Article by Wendy McCance
This year has been a mess. Lets just be honest. Between the presidential election, clashes with police, race relations and terrorism, this country has taken one hell of a beating. I am not one to write political articles and this article is not political in nature either. That being said, what I want to discuss is values and what type of people you choose to associate yourself with.
Facebook is quite the vehicle for people to discuss their feelings. From talking about family and friendships to moments when your are going through a rough time, Facebook tends to be the place where many people let it all hang out.
Unfortunately (or maybe it is fortunate) many people will discuss political, religious and opinions on people they view to be below them.
In the last year, I turned off the follow button for a few people who expressed opinions regarding presidential candidates, race and class, opinions on who should be considered a terrorist etc… that not only didnâ€™t jive with my personal views, but in all honesty greatly offended me. I have since gone ahead and unfriended these people.
Now, I would like to mention that I am all for people having a different view about politics, religion etc… But, this particular year was brutal. When hatred and segregation are introduced into the conversation and people feel that instead of coming together we should fight each other, I can no longer embrace their feelings. They are just much too different than my own. We are no longer a good fit for each other.
Why did I choose to not follow them but keep them on my friend list for some time? I guess at first it was a combination of not wanting to offend anyone and ego over how many people I was connected to. Sad, sure, but honest. I was also hoping that maybe they were just feeling fired up and their comment wasnâ€™t meant in the way it came out. I did try for some time to find a way to excuse their words because I was in disbelief that these were my friends. After some reflection, I realized that what I was seeing went beyond disappointment about what they really thought. I was under the impression that these former friends held different values and were more open-minded, but I was wrong.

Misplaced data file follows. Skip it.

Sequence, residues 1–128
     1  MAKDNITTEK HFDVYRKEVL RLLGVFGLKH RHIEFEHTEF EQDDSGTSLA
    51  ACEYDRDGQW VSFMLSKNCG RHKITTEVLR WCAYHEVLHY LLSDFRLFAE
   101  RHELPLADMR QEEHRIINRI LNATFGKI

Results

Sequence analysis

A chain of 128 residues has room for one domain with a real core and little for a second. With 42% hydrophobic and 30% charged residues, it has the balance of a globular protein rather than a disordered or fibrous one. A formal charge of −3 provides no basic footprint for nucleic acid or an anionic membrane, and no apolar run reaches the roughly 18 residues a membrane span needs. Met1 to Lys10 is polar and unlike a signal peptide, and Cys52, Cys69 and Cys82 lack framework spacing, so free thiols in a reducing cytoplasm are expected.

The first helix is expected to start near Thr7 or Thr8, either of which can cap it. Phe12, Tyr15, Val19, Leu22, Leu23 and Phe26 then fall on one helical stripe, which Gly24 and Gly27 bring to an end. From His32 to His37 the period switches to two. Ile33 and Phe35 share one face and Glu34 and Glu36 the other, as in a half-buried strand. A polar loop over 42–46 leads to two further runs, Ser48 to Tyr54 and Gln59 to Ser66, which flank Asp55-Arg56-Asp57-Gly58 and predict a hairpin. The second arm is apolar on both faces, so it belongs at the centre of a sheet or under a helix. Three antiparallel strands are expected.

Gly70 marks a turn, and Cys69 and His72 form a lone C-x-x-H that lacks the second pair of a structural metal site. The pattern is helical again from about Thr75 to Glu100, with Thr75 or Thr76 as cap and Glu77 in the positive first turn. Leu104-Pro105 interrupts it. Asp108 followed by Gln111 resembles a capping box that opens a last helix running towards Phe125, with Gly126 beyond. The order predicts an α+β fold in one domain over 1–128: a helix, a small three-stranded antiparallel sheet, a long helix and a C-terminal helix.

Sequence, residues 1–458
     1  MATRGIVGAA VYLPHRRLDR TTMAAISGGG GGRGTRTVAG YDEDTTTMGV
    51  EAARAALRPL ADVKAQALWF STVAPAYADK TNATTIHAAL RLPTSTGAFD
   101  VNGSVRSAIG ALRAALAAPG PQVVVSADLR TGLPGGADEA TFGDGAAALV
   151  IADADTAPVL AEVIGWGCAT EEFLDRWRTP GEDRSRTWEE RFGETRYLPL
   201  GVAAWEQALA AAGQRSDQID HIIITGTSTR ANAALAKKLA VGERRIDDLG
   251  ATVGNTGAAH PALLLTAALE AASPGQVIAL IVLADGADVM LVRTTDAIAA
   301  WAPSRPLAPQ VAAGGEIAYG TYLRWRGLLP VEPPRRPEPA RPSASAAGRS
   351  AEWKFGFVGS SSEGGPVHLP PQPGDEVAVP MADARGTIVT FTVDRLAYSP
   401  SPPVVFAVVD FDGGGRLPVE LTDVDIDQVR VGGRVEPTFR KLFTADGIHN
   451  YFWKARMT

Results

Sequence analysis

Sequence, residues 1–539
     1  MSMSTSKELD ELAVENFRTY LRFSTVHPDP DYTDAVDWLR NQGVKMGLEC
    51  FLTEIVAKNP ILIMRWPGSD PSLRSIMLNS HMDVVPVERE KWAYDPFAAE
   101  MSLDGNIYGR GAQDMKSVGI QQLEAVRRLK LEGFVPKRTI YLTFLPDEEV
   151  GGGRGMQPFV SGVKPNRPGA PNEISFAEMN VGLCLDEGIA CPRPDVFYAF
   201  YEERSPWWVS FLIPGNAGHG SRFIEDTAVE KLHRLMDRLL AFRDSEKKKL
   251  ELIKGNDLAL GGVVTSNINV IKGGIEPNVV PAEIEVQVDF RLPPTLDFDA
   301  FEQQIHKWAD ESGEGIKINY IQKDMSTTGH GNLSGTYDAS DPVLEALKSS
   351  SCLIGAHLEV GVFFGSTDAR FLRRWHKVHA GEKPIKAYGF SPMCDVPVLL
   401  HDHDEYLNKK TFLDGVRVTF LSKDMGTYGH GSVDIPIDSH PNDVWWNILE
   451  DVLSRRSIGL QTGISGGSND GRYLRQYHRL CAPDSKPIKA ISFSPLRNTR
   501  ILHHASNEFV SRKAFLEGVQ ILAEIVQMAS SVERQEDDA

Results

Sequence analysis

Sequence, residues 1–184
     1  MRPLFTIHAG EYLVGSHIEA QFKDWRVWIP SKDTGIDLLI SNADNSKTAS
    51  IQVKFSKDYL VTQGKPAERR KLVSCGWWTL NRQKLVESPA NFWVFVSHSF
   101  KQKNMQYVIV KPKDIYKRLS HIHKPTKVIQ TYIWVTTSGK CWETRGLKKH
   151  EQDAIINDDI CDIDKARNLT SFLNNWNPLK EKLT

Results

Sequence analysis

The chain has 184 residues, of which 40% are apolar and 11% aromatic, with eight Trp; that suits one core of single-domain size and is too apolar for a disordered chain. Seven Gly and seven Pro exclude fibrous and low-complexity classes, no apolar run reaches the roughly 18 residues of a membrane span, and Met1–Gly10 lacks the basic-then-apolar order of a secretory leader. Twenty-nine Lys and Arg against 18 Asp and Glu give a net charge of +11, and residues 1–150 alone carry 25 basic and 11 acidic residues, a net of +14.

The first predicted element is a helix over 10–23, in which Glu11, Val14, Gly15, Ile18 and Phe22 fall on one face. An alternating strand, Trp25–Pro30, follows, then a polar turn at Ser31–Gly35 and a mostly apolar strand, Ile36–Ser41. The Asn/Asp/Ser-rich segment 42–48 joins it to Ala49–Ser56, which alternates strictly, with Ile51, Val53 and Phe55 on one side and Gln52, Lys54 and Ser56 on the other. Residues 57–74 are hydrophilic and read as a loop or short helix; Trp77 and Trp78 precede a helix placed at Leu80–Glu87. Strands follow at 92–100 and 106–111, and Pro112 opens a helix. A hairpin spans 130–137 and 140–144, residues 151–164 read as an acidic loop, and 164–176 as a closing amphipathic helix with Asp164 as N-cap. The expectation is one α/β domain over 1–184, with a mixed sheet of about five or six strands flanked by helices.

This brings me to that comment about maybe it being fortunate that they posted their offensive views. It gave me the chance to reflect upon what type of friendships I wanted. Who did I want to be connected to and would I beÂ proud to call that person a friend. I have worked hard to keep my life as toxic free as possible. The people I call my friends are honest, loyal, open-minded and decent. There is no bashing or gossiping and there is no hatred towards others.
It was an eye-opening experience to find out how close I really was with the people I was connected to simply based upon their comments. I realized that I had really lost touch with how some of my old friends felt these days. I cut some people out when I realized we were in no way compatible anymore. I feel it was the most honest thing I could do for myself as well as for the person I once called a friend.
What about you? Have you had some of the same experiences within the last year? Are you disappointed to see how many people you would need to cut from your friend list if you honestly just hung onto the people who shared the beliefs and values that were most important to you? Everyone has a non-negotiable list. What is yours?
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